By Chris Wallace
I spent the weekend channelling John Keats on the Isle of Mull. In 1818 Keats and his friend Charles Armitage Brown toured Scotland. Keats and Brown walked miles in drenching rain to Oban, the Scottish port most convenient for travellers from the south to embark for the island crossing. The ferryman dropped Keats and Brown at a minor Mull village and the two trudged on foot through bogs, over rivers, across rocks, eventually sleeping in damp clothes in a Mull shepherd’s cottage on their first night.
Keats got a cold. Eve Eckstein in her book on historic visitors to Mull recounts Brown’s letter to a friend about Keats’ health shortly after. By the time they reached Inverness a fortnight after that cold damp night in the Mull shepherd’s hut, the poet was seriously ill with Keats “too thin and fevered to proceed with the tour”. Keats never recovered his health and died three years later from tuberculosis.
I got my cold on the flight over to Britain, not sleeping in damp clothes in a shepherd’s hut. But it did get worse on Mull. Even through the veil of a fever, the island is extraordinary. Like Australia there’s something huge, hard and unrelenting in the beauty. It’s a landscape as likely to kill as kiss you. Sick, you’re just as likely to want to roll over and die as fight to stay dry and recover. It is Darwinian.
The wild Hebrides was an artistic rite of passage for Romantics like Keats. Staffa and Iona were the ultimate destinations and Mull the remarkable stepping stone along the way.
Samuel Johnson and James Boswell had cut a swathe early on, touring the area in 1773, each publishing journals of their travels. By the time Keats and Brown followed the trail, the Hebrides had become positively voguish, and Keats’ poem “Staffa” celebrated the moment. Felix Mendelssohn visited in 1829, the trip famously yielding Mendelssohn’s Hebridean Overture, the main theme of which came to the composer standing in Staffa’s famous Fingal’s Cave.
Two years later, in 1831, when painter WM Turner made it to Staffa, the weather was so bad he only had an hour to make the sketch for Fingal’s Cave from the Inside. By the time Wordsworth got there in 1833, Eve Eckstein recounts in her book, he had to get the steamboat driver to take him back after the visiting hordes had departed so he could get a bead on the place. Wordsworth’s Sonnet XXIX Cave of Staffa After the Crowd had Departed was the result. The area hasn’t ceased to fascinate since. Canberra Mitford tragic, journalist Malcolm Farr, will be pleased to know the Mitfords had a holiday house on Inch Kenneth, a tiny dot of an island off Mull to which parcels of books and Harrods goodies were regularly delivered from London in the 1930s and 1940s.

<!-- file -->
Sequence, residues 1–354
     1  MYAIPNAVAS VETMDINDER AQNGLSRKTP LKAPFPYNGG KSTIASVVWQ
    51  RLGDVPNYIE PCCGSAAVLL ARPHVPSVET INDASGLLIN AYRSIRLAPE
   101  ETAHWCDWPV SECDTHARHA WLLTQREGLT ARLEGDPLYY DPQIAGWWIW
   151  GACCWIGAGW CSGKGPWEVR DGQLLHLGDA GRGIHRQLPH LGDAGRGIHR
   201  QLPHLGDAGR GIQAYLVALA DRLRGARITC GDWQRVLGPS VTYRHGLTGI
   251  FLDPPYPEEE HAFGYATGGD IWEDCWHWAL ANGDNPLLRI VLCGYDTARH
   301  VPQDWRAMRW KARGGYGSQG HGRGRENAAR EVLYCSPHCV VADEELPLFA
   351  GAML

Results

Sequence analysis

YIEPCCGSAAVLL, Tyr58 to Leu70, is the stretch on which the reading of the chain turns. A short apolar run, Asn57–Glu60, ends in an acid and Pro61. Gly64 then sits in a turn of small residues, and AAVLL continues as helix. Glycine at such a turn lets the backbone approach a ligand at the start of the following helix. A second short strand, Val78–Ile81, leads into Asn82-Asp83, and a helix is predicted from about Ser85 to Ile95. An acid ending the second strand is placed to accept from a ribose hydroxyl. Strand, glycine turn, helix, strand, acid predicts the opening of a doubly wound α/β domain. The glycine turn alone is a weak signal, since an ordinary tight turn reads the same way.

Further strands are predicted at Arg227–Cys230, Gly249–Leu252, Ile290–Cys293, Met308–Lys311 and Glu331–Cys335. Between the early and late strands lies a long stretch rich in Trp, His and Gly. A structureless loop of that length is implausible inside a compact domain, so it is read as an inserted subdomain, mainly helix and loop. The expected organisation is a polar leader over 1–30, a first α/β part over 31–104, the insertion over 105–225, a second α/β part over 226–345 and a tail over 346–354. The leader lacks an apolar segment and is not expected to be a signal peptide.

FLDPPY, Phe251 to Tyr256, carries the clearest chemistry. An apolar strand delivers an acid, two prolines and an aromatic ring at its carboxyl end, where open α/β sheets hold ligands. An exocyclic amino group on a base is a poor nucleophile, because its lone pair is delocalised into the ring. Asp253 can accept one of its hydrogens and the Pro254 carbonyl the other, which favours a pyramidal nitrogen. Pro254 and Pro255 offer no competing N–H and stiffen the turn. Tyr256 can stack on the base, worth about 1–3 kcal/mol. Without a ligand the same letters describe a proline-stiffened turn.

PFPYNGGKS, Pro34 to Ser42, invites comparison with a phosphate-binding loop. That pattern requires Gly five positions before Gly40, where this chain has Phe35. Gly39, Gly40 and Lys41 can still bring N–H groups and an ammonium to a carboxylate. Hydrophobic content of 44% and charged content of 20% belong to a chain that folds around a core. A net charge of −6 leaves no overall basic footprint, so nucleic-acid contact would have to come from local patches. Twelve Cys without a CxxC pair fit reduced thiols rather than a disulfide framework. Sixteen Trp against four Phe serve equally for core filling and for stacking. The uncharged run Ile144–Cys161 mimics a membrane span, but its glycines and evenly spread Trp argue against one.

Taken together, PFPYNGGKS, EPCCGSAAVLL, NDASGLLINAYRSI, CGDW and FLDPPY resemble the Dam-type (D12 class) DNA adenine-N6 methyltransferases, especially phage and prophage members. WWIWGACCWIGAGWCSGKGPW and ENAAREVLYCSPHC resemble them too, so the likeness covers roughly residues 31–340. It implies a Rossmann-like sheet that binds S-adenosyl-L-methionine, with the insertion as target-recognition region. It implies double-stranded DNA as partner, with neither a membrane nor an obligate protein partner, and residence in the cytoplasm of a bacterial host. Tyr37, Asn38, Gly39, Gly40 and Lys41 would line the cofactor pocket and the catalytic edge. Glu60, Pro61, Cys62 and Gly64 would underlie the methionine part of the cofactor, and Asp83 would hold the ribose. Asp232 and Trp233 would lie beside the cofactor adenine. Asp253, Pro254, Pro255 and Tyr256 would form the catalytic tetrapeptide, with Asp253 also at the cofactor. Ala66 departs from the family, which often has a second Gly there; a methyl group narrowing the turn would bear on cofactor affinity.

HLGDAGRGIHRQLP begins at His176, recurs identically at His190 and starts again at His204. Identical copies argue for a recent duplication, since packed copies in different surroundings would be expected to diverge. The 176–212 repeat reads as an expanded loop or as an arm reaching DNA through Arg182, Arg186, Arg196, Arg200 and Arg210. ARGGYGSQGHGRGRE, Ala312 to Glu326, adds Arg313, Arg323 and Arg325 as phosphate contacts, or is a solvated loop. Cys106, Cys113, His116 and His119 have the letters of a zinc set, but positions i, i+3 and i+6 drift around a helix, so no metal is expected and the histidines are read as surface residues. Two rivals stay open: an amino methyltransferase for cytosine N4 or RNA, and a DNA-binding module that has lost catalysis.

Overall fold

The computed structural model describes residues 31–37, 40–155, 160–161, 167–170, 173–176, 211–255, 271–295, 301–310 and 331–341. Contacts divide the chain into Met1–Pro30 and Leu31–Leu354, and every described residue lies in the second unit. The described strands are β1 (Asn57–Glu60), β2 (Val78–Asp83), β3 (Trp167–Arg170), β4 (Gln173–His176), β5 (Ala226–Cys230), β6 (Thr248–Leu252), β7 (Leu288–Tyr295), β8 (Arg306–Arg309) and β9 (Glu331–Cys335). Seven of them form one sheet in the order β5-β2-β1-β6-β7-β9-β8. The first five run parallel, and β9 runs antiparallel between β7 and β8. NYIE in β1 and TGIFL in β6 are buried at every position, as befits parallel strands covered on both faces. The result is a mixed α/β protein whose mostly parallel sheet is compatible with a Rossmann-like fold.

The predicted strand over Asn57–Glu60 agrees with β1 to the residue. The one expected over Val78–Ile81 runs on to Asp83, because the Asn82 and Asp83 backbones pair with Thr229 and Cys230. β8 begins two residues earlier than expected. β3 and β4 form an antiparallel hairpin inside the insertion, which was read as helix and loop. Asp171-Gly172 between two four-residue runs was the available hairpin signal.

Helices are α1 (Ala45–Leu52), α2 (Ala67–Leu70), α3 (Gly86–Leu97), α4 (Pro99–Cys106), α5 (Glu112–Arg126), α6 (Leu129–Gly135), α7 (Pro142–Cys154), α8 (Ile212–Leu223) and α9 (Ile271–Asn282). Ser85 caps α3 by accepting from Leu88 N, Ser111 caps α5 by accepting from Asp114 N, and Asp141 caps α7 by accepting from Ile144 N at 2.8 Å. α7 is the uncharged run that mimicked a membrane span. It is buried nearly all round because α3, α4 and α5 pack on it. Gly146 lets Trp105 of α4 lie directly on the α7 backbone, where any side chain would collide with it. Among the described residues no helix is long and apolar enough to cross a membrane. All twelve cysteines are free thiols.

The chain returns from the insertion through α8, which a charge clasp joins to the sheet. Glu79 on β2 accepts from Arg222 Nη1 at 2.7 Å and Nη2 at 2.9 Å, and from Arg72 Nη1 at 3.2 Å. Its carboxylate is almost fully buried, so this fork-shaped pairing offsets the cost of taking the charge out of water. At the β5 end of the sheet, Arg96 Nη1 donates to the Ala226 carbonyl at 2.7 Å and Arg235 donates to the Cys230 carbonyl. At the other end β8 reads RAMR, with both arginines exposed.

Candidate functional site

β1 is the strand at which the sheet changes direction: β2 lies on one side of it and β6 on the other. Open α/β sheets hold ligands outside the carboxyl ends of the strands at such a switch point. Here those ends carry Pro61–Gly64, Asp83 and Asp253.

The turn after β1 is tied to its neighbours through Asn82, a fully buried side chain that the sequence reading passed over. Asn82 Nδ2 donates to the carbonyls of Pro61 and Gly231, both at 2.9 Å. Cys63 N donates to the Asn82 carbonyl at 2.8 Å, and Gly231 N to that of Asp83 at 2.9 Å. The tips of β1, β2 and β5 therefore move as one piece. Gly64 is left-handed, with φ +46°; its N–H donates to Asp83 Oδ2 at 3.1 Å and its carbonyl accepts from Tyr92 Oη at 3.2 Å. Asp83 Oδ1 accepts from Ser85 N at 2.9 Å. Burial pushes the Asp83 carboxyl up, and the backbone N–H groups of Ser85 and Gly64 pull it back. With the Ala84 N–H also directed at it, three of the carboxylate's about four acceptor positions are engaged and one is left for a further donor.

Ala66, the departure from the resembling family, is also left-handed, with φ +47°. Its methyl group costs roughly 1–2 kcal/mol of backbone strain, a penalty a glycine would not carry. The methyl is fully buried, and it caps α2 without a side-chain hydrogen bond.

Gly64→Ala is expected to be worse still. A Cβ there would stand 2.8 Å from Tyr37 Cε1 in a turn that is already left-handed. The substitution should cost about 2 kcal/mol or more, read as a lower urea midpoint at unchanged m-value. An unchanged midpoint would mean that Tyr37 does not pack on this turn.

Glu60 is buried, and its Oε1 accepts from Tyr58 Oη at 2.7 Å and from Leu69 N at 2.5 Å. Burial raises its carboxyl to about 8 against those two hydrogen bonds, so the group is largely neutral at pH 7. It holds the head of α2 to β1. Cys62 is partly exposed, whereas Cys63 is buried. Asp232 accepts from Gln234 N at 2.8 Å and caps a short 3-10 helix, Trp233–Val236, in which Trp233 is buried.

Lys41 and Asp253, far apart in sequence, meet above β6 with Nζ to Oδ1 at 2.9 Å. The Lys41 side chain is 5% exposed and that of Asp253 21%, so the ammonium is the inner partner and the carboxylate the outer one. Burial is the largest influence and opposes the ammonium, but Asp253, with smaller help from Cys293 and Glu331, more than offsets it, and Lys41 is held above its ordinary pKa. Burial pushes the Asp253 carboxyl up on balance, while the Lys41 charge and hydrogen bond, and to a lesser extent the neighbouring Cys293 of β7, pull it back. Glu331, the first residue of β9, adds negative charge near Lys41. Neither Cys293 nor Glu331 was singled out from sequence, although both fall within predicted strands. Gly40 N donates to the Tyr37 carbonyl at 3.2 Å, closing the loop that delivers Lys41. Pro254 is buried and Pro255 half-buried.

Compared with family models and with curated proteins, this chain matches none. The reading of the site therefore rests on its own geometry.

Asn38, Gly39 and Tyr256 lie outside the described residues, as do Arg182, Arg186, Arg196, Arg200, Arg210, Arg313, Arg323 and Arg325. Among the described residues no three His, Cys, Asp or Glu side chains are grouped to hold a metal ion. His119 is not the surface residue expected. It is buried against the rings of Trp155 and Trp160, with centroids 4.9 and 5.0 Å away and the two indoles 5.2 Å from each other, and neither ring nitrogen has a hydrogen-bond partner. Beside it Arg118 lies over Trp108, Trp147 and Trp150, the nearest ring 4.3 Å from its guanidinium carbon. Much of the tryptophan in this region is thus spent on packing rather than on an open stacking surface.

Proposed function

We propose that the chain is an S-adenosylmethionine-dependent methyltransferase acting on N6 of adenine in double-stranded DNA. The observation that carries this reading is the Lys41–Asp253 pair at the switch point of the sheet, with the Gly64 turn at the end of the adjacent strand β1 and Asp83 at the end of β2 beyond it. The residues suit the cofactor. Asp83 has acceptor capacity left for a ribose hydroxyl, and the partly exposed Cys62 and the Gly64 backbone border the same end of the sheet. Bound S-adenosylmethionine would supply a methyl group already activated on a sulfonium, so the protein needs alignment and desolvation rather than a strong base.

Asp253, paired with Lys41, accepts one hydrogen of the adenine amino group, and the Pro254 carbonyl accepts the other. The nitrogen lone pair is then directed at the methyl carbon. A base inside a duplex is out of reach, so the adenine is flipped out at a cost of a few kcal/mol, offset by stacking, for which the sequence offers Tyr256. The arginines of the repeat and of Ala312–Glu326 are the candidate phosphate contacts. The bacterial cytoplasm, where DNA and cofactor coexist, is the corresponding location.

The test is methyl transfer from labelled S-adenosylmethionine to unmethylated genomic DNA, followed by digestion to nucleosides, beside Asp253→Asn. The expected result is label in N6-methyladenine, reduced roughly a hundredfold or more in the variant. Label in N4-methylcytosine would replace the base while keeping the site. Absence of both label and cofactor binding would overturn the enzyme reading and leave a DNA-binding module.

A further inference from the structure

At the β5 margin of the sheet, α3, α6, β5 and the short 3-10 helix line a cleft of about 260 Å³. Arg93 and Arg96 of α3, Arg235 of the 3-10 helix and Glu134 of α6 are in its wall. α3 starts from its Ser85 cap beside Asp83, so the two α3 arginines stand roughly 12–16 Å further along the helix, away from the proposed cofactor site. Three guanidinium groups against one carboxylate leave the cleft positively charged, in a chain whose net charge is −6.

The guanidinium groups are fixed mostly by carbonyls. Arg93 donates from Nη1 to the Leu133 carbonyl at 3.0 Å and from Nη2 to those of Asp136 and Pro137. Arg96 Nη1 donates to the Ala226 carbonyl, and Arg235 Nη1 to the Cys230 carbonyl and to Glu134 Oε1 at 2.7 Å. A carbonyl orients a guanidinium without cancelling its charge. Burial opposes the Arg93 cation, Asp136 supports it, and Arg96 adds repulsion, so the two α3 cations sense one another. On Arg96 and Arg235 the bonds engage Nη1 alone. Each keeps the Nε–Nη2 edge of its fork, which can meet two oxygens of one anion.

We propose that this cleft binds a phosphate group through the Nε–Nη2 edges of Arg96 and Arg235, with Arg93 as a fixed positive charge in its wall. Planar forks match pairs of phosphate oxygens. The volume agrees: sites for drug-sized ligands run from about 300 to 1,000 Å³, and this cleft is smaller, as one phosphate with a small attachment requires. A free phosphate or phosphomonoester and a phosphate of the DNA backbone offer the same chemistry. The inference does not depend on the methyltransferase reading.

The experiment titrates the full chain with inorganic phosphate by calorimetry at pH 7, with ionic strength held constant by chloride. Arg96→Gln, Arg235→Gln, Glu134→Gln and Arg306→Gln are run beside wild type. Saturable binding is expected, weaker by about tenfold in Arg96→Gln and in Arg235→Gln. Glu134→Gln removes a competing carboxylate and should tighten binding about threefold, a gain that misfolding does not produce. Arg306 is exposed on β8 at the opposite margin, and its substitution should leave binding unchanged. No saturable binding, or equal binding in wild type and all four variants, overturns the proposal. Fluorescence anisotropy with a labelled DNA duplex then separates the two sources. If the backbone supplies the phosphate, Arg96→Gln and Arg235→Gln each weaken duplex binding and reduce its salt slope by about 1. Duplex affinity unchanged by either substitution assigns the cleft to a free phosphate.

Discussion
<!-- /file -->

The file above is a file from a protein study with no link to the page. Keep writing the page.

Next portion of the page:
We hear a lot about the strong Australian dollar smashing Australian tourism, but no-one talks about the flipside. It hasn’t been this cheap in decades to get out and look around the world. The statistics show we are and that’s a good thing. Australians might get a little less whiny and resentful when they see the fifty or so countries we collectively come from and compare it to what we’ve got back home – and I don’t just mean materially.
Anglo-Celtic Australians, for example, rarely reflect on that conflation’s individual elements. Walking down Princes Street in Edinburgh I saw Australian faces all around me, ditto Grafton Street in Dublin. Yet the Scots and Irish are as different as Greeks from Italians and each have their own problems. The religious bigotry played out violently in the Scottish football scene, and the ripples from the ongoing, traumatic decolonisation of Ireland, remind one what an ocean of relative calm Australia really is.
A few of our tourism industry operators could do with getting out more, too. I stayed on Mull at “Highland Cottage” in the island’s main village, Tobermory. Proprietors Jo and David Currie run a tiny hotel with a stunningly successful restaurant for just 20 diners at a time – the food easily “Two Hats” by Australian standards. (They shut up shop for four months a year and hang about in New York amongst other places.) Tobermory also boasts “Café Fish”, just rated Britain’s best fish restaurant. This in a village of 700 people. Can Bateman’s Bay say the same?
The links still run two ways, too. As I sat down to a stunning repast at “Highland Cottage”, it turned out that chef Jo Currie is a cousin of Bill Shorten. David produced a wonderful picture of Bill’s Scottish great-grandfather, Newcastle dockside, at ship launch way back when. Small world. Get out and live in it.
This first appeared in the Canberra Times on 17 September, 2011